American Generals as Mercenaries

by William Dorich on May 5, 2014

in Croatia, military, William Dorich (team member)

American Generals as Mercenaries

“MPRI is a who’s who for a generation of officers who rose through the ranks during the cold war.” (Washington Times, Nov. 25, 1996)

A sad commentary on what happens when honorable men succumb to greed. During the Cold War the lines between friend and foe were generally well defined. Today, it is less clear whose side we are on in the various regional, ethnic and religious conflicts in the world.

This fact does not seem to deter the military professionals of MPRI—Military Professional Resources Inc., who, lured by the big bucks are selling their expertise to the highest foreign bidders like the Croatian Army who with the help of these generals, their training and secretly supplied weapons ethnically cleansed 250,000 Serbians from the Krajina in 1995. The American public was duped by the Clinton lie of “neutrality” and alleged support of the Dayton Agreement until the Croats, Bosnian Muslims and Kosovo Albanians could wrestle away those territories from Serbia. Territories on which the Serbs were the simple majority for a thousand years.

These are only 7 of the American soldiers of fortune

Lt. Gen. Ed Soyster (USA, Ret) “supporter of government policy” to which he “devoted 35 years of his life” sounds too much like the self-serving drivel these same men detested when our senior officers during the Vietnam War determined that “supporting government policy” (and enhancing their careers) was more important than looking out for the troops in the field or doing what was necessary to win the war.

Carl Stiner, a member of the MPRI board of directors,saw combat in two wars. He led the Joint Special Operations Command and personal helped in the 1985 capture of the Achille Lauro hijackers, facing down Egyptian commandos to negotiate the terrorists’ surrender.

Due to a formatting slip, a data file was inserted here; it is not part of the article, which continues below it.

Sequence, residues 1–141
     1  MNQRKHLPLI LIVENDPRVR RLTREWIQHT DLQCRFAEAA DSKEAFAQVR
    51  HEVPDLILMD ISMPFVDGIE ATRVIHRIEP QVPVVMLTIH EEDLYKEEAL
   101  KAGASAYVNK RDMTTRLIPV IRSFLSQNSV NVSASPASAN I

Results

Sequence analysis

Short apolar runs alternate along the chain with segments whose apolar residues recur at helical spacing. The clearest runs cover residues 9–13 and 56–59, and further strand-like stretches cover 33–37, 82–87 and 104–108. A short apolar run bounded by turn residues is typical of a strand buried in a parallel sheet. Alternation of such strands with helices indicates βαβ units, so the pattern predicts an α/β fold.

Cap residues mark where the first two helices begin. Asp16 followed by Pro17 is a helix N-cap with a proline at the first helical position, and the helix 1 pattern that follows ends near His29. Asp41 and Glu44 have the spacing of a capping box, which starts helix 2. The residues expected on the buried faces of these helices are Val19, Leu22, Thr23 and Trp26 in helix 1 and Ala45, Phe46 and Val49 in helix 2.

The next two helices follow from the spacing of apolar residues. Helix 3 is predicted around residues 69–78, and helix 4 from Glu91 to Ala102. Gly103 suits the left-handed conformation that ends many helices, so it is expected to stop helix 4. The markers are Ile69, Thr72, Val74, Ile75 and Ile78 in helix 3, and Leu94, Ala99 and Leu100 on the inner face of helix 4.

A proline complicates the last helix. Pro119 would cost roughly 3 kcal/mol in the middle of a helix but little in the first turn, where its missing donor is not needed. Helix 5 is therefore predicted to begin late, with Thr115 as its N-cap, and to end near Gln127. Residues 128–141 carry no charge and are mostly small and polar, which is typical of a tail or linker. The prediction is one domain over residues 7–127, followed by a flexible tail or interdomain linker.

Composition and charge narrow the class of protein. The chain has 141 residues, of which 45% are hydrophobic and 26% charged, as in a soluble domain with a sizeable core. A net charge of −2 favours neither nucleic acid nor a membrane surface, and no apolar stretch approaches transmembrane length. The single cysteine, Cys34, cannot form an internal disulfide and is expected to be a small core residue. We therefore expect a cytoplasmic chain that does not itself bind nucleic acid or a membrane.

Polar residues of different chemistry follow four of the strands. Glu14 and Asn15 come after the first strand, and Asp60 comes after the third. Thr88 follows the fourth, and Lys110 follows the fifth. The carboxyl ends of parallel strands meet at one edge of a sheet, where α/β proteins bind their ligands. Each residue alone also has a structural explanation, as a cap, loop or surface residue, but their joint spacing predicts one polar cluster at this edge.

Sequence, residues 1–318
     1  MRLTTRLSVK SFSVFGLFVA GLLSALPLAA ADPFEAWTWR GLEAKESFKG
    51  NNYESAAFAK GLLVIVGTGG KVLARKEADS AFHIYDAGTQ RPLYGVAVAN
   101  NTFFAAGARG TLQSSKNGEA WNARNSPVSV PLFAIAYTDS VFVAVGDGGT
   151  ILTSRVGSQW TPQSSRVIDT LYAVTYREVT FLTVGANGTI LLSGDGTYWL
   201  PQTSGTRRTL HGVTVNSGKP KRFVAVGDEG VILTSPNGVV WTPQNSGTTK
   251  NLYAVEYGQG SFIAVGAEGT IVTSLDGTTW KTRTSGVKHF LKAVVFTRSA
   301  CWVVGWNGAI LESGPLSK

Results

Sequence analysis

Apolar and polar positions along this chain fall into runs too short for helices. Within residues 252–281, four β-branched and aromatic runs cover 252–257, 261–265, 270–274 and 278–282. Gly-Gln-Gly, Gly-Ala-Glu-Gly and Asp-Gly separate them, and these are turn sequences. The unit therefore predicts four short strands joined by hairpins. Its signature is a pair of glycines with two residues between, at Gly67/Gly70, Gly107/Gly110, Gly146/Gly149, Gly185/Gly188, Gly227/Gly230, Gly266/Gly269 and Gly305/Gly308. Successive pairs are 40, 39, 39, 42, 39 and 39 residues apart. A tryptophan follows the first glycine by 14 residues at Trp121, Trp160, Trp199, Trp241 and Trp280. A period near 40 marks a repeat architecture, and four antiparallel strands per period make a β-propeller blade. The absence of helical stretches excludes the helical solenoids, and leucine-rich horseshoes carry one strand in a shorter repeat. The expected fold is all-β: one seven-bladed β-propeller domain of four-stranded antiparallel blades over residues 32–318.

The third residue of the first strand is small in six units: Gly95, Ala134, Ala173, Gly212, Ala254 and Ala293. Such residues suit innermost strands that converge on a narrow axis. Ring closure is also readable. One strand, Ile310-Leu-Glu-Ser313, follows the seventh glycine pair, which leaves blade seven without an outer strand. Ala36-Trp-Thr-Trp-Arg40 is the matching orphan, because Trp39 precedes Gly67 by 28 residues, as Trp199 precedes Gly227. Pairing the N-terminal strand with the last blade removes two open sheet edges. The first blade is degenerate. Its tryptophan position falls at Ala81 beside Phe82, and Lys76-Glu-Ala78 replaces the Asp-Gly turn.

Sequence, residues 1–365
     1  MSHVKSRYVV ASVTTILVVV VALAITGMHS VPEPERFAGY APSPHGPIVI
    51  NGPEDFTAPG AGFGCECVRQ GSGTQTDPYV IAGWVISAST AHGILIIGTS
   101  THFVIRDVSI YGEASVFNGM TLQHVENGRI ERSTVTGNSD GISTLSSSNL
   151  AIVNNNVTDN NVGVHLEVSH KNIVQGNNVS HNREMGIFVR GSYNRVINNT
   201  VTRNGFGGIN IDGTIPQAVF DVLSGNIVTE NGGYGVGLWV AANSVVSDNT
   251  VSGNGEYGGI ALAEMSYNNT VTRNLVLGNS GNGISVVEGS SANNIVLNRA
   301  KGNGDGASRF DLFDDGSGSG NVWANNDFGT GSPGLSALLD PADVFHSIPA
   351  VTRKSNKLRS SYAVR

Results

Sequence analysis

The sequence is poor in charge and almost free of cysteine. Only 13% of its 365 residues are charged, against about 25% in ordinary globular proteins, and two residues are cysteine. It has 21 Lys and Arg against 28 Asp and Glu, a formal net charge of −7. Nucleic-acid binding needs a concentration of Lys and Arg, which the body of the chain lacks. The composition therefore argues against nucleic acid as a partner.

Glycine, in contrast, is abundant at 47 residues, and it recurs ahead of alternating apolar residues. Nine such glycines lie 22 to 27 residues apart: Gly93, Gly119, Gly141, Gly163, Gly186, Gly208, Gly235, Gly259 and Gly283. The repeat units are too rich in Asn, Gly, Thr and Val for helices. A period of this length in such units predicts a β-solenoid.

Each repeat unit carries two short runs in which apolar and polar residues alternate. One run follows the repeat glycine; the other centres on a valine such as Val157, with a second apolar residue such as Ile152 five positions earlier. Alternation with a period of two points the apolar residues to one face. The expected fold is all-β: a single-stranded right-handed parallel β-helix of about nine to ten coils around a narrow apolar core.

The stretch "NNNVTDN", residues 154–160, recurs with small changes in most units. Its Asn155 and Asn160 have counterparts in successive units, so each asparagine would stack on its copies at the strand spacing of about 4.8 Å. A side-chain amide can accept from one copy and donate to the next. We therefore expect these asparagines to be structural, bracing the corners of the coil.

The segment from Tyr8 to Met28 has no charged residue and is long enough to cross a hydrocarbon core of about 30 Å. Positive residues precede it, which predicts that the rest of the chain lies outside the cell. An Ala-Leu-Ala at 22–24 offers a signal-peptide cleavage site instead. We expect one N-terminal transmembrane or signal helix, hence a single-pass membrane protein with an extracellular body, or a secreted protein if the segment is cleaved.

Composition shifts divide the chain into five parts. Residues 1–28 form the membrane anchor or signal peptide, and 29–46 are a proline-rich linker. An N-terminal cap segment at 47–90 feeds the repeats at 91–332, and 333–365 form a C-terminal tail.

Maxwell Thurman, another board member of MPRI, was know as “Maxatollah” for his demanding presence as head of the U.S. Southern Command during the Panama invasion is a brilliant tactician who helped develop modern warfare doctrine. As head of the Army’s Recruiting Command, he originated the slogan “Be All You Can Be” campaign. Serbs are wondering if all you can be includes taking full advantage of making a buck, even if it means revealing your military knowl- edge, bought and paid for by American taxpayers and selling those skills to a country like Croatia that declared war on the United States in 1941 and has never rescinded that threat.

General Vuono, a Slav, is vice president and general manager of MPRI. He was an artillery officer with two tours of duty in Vietnam. He oversaw both the Gulf War and the Panama invasion as Army Chief of Staff. Being all he could be was to become a traitor against those who signed his pay check for years.

Admiral Hardisty, another board member, flew more than 100 combat missions over Vietnam, served on the Joint Chief of Staff and commanded U.S. forces in the Pacific. He serves on the CIA’s military advisory panel. Can any American imagine a CIA advisory panel member sharing his knowledge with foreign nationals?

Richard Trefry, executive vice president of MPRI, rose from buck private to inspector general of the army. He served as a military adviser to the U.S. Embassy in Laos and as a military assistant to the White House under President Bush.

General Kroesen, MPRI’s board chairman, is a veteran of three wars. The Silver Star and Purple Heart were among his many medals when he retired in 1983 after serving as commander of U.S. forces in Europe. He survived a rocker-grenade attack on his armored limousine by German terrorists.

“BE ALL YOU CAN BE” seems to now stand for stuffing one’s pockets, screw professionalism, integrity and honor. Are these high-ranking retired American officers incapable of surviving on their $150,000 per year pensions without selling their military training and secrets to foreign rebels? The hypocrisy of becoming foreign mercenaries is offensive and should be illegal—it sends a hideous message to the current crop of cadets at West Point.

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